U.S. Ambassador Meets with Detained Wall Street Journal Reporter in Moscow
The U.S. ambassador to Russia met with Wall Street Journal reporter Evan Gershkovich in Moscow on Monday as American officials continue to seek his release months after he was detained.
Ambassador’s Visit to Lefortovo Prison
Ambassador Lynne Tracy visited Gershkovich at the notorious Lefortovo Prison after the U.S. spent weeks asking for a meeting, the Journal reported. Gershkovich, a 31-year-old U.S. citizen, was detained while on a reporting trip in the Russian city of Yekaterinburg on March 29 on a charge of espionage. The Journal and U.S. officials have flatly rejected those claims, saying the reporter has been wrongfully detained.
Limited Access to Gershkovich
It’s only the second time the ambassador has been able to meet with him. The visit comes shortly after a Moscow court ruled last month that Gershkovich must remain in jail on the charge, despite an appeal from his lawyers. That decision stands until at least Aug. 30.
State Department’s Statement
“Ambassador Tracy reports that Mr. Gershkovich is in good health and remains strong, despite his circumstances,” a State Department spokesperson told the Journal on Monday. “U.S. Embassy officials will continue to provide all appropriate support to Mr. Gershkovich and his family, and we expect Russian authorities to provide continued consular access.”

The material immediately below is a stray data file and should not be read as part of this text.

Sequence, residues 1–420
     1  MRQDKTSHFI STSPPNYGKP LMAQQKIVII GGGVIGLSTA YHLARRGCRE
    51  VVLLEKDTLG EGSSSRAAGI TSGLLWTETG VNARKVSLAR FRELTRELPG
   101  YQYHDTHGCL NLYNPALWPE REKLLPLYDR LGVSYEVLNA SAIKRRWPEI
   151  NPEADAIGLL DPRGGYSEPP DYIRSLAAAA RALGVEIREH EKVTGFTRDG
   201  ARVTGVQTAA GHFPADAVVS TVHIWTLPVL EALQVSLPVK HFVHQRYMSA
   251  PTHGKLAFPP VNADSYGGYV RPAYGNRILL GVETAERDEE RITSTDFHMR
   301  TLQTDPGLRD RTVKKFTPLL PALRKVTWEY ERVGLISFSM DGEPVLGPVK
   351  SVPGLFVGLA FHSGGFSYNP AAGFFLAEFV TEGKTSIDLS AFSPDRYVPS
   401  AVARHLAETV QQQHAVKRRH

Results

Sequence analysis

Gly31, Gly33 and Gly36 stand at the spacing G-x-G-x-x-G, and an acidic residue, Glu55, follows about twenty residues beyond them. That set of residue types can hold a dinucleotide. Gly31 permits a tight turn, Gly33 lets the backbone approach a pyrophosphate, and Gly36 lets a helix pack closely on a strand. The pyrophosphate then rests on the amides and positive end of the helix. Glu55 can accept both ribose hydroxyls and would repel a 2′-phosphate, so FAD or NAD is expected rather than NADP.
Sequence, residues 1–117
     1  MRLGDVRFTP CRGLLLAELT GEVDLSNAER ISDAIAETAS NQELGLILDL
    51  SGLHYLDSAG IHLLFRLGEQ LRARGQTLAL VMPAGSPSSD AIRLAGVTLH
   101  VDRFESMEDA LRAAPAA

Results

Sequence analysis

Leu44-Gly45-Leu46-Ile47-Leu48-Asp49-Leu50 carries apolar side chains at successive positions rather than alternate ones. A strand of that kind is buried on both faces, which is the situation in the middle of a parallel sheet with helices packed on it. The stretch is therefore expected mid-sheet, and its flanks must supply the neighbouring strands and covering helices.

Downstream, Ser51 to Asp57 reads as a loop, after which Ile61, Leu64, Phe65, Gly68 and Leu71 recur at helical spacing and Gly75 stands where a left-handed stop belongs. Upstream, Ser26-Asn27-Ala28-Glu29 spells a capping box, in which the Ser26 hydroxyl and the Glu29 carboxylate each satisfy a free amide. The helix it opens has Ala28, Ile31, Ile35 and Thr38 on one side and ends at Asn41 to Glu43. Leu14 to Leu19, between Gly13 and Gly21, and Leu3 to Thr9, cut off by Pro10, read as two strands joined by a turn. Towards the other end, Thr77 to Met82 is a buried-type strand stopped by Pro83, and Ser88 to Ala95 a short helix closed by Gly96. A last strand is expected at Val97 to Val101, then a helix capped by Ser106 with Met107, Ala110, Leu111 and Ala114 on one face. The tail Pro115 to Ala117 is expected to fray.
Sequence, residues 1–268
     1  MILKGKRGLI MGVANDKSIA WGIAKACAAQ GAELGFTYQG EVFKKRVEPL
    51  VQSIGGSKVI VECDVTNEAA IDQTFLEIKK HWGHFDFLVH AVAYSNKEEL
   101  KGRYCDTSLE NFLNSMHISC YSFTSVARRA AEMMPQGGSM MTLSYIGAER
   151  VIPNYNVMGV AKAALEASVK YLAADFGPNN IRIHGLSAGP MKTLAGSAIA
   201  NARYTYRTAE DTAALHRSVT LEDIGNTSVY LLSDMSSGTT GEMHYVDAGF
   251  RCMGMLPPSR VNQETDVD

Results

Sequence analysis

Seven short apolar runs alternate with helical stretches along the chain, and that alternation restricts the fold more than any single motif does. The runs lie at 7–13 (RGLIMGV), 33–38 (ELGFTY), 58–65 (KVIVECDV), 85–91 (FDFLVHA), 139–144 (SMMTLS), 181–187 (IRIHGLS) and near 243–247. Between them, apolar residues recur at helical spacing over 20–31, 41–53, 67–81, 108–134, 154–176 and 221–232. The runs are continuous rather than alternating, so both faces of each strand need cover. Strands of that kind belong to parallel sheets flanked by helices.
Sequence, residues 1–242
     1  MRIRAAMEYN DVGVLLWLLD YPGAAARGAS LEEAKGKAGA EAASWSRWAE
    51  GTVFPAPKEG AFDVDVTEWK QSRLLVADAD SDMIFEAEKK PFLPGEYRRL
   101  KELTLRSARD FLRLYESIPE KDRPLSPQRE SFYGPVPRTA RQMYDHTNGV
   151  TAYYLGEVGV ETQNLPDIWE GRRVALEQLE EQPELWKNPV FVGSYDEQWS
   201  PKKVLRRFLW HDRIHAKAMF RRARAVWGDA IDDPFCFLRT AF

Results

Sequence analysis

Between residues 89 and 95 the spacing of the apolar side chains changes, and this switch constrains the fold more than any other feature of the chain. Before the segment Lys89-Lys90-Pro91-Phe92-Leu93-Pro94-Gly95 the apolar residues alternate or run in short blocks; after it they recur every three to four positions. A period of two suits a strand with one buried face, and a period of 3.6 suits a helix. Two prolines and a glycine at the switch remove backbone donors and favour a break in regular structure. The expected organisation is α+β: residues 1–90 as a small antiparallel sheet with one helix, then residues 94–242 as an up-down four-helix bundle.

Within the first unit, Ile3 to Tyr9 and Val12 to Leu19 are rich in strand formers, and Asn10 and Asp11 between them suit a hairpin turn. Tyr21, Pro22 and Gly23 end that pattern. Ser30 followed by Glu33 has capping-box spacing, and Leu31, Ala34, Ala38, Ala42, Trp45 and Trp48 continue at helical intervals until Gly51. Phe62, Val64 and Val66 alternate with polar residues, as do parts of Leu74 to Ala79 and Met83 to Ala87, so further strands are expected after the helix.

Journalist’s Detention and International Efforts
Gershkovich, who has worked at the Journal’s Moscow bureau since January 2022, is the first American journalist to be arrested on an espionage charge in Russia since the Cold War. Secretary of State Antony Blinken told reporters last week that the Biden administration has pushed for his release “virtually every day” and has been looking for different ways to bring him home along with other detainees, including Paul Whelan. Whelan has been held in Russia since 2020 and was sentenced to 16 years in prison on an espionage charge.
Long Legal Process and High Conviction Rate
The Journal noted that it could be months before the case is brought to trial, and even then, espionage cases are often carried out in secret. A conviction can carry a decades-long sentence, and defendants are rarely acquitted in court, the newspaper reported.